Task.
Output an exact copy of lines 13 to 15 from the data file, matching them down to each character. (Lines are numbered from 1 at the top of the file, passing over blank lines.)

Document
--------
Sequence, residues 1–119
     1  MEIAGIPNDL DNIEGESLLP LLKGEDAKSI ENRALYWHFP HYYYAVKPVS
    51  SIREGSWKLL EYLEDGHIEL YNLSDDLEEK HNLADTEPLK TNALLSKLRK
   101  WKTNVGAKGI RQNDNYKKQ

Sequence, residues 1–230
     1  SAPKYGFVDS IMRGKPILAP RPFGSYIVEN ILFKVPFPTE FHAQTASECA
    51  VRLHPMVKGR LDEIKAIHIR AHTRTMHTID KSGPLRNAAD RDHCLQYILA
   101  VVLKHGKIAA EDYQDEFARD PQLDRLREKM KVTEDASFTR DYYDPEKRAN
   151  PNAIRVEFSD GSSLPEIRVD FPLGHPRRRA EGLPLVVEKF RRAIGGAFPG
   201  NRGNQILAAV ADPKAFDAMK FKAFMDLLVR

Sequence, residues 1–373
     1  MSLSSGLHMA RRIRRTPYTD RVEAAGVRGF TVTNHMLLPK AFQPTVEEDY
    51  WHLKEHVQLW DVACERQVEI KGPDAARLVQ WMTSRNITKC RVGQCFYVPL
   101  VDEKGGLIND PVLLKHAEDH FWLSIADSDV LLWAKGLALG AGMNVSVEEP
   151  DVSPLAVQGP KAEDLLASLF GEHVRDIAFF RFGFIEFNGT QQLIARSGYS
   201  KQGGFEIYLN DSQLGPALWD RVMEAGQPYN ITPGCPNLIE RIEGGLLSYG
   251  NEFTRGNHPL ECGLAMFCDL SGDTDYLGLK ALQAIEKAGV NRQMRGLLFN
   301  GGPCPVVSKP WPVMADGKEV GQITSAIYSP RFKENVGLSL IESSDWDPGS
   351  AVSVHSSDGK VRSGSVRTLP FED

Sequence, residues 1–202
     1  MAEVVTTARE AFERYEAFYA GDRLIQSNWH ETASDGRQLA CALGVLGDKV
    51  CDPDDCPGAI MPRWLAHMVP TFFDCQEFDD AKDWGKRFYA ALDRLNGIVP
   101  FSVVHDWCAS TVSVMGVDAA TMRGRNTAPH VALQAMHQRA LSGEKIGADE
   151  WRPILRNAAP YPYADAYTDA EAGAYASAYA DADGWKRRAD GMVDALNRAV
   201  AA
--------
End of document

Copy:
    51  WHLKEHVQLW DVACERQVEI KGPDAARLVQ WMTSRNITKC RVGQCFYVPL
   101  VDEKGGLIND PVLLKHAEDH FWLSIADSDV LLWAKGLALG AGMNVSVEEP
   151  DVSPLAVQGP KAEDLLASLF GEHVRDIAFF RFGFIEFNGT QQLIARSGYS